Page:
The last time I touched Play-Doh, Pentium III was cutting edge and the Spice Girls were popular.

My memories of playing with it are kinda fuzzy, but I remember it being simple: a couple of colours, a noodle press, some cookie cutter shapes. Nothing too fancy, and certainly no electronic parts.

So I was pretty amazed when I unboxed two modern, kitchen-themed Play-Doh sets, Shape ‘n Slice and Sizzlin’ Stovetop.

Gone are the days of simple shape cutters; the sets had interesting moulds hidden in clever places like the underside of a plate or on the flip side of a chopping board. There were fancy tools like tongs and mini choppers, and even a battery-operated hob that made sizzling noises.

I began my MasterChef journey with Shape ‘n Slice, the smaller of the two sets with 11 accessories and six pots of dough. This set had plenty of tools to shape and handle the putty, including a noodle press, two knives and a pair of scissors.

Everything a Junior MasterChef needs

I decided to put my skills to the test with a Vegetable Chow Mein dish. First, I squeezed a bunch of yellow noodles out of the noodle press. Although quite a bit of the Play-Doh got stuck in the plastic, I still managed to turn out a surprisingly legit looking handful of noodles that I chopped into smaller bits with the plastic scissors.

The Shape ‘n Slice set is also pretty vegetarian-friendly. There was a lettuce mold at the base of the green bowl, plus carrots, cucumbers, onions, broccoli and more on the underside of the blue chopping board.

I pressed out some lettuce and a couple of other vegetables, and put it all together. It still didn’t look quite as good as the pictures on the box, but hey, not bad for a first try.

The box helpfully tells you that “Molded results vary depending on child’s age and level of skill.”

It didn’t taste the best (Play-Doh is really super salty. Don’t eat it!) but overall it was pretty interesting and kept me entertained for a good 45 minutes.

The Sizzle ‘n Serve set is bigger, with a plastic stove, a dozen accessories and five pots of Play-Doh. The selling point of this set is a mini stove with two hobs that makes sizzling noises when a pan is placed on top (this needs 3 AA batteries which are not included).

This is a meatier set, with steak, fish and bacon molds

It looks fancier overall, but I think it’s a little less cleverly packaged than the Shape ‘n Slice. While the first box had plenty of double duty accessories, this one has more single molds, which I think are easier to misplace.

I decided to put together a sandwich, and then fry up some fish and steak. In order to get the brown needed for the patty and the steak, I tried mixing together green and red to get a meaty colour. It was pretty easy – Play-Doh blends well – and the only downside is that you can’t un-blend it later. I also made a rich yellow for the yolk, and a salmon pink for the fish.

Sizzlin’ my steak on the stove

After prepping, I popped everything on the stove to cook it. In order to get it to sizzle, you need to put the plate or pan down on the hob such that it presses a small button at the 6 o’clock position. The noise was fun for five minutes, but after that the novelty kind of wore off. I’m not a kid though, so who knows what they might find fun.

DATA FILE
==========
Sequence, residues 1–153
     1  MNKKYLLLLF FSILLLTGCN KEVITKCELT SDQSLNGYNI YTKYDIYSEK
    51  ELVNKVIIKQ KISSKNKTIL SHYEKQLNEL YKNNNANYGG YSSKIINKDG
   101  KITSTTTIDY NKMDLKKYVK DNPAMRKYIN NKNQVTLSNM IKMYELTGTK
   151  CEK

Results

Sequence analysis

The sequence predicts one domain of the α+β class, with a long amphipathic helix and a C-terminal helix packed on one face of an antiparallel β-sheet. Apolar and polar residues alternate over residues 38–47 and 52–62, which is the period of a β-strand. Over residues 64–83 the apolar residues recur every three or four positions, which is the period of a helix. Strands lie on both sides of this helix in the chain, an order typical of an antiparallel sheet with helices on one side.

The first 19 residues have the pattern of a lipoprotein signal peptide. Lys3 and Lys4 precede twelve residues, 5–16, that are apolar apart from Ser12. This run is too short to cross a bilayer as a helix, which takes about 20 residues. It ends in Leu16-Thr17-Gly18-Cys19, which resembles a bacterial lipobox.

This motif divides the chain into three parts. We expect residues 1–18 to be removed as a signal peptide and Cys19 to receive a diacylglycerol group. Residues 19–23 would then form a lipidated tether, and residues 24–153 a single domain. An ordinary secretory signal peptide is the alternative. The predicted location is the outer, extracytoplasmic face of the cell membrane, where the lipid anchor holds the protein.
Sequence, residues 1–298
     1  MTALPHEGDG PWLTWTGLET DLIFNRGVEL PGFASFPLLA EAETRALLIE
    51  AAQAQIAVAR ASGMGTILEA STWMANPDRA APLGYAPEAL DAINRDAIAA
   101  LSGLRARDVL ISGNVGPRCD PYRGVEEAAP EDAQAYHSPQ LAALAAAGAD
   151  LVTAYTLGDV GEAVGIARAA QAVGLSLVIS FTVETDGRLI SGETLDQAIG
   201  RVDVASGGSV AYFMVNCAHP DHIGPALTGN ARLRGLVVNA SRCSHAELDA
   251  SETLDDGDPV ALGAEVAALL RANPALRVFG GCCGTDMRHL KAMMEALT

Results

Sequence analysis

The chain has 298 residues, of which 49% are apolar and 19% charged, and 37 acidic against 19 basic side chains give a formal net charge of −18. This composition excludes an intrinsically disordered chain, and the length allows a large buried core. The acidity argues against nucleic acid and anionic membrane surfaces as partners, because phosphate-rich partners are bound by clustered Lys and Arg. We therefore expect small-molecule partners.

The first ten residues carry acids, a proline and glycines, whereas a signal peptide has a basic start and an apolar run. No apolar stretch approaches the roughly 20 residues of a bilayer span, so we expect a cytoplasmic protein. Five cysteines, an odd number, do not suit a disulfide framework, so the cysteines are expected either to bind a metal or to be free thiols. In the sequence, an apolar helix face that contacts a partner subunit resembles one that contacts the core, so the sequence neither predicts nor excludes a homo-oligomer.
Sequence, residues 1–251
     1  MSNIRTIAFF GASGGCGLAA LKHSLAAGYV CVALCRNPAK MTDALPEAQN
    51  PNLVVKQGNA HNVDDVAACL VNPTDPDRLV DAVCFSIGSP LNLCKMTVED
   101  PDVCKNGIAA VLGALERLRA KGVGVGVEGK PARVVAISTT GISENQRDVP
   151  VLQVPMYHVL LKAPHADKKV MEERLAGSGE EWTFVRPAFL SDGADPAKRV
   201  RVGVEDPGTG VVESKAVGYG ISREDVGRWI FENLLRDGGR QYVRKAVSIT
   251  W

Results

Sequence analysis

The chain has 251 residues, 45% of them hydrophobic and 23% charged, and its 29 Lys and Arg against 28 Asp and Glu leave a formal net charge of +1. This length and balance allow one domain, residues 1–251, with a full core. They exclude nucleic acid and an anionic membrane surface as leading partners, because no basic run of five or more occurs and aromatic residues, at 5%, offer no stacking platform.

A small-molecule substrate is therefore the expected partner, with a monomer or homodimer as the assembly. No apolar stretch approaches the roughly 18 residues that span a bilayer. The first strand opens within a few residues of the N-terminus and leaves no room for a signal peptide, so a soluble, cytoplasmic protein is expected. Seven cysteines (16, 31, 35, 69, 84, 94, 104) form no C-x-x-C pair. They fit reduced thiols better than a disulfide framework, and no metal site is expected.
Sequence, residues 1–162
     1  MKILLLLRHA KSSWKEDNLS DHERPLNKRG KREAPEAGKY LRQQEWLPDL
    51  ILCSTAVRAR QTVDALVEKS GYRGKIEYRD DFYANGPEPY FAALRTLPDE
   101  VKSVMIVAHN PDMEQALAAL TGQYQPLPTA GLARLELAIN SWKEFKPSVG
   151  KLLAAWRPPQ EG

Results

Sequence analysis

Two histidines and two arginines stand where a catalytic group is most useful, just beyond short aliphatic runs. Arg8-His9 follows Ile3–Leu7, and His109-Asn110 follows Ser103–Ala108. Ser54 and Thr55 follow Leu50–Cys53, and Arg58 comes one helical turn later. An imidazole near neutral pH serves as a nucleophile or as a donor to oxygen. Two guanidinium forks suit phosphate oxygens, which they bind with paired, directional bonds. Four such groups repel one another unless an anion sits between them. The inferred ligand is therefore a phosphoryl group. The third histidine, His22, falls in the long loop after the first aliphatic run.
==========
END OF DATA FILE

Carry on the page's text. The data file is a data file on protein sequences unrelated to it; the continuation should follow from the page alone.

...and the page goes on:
I think overall, the Shape ‘n Slice is a better bet for kitchen greatness if you’re not super insistent on the sizzling sound, just because the accessories do more work.

Also, it’s kind of embarrassing, but putting stuff into a mold isn’t quite as easy as it seems. On the front, the pictures show kids churning out perfect meals, but it takes a bit of trial and error to learn how to do it right.

The first time I put a giant patty of dough into the mold, it just spilled over the sides and all the items came out with a little border over the sides that was difficult to pull off and left my dough with ragged edges. Even when I managed to get everything inside the edges, the the dough got stuck inside the mold and was hard to take out.

After fumbling around for a couple of hours with the sets, here are a couple of tips for any wannabe Play-Doh master:

  1. Less is more. Put in less Play-Doh than you think will be necessary to fill up the mold, then add on more later. The putty bonds quite easily, so if you pack it in tight enough there won’t be any joining lines.
  2. The instructions say that you remove Play-Doh from the mold with another piece of Play-Doh, but that never worked for me. I found it a lot easier to use the included fork or knife to gently pry it out.
  3. The Play-Doh dries up really fast, so if you wanna keep it malleable, keep it somewhere airtight. I made the mistake of leaving everything out overnight and it became rubbery and crumbly. If you want to revive dried putty, the Play-Doh websites suggests adding water bit-by-bit until it becomes usable again.

The trick with Play-Doh is the resistance towards mixing colours. Parents tend to want their kids to stick with the basic colours, but the fun is with mixing them, and seeing how realistic the finished products can be.


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Lisabel

Lisabel

Lisabel is a former tech journalist who loves mechanical keyboards, sneakers, capoeira and cheesy puns. She has dreams of being the next Masterchef, but so far all she has produced is a bunch of Play-Doh pasta.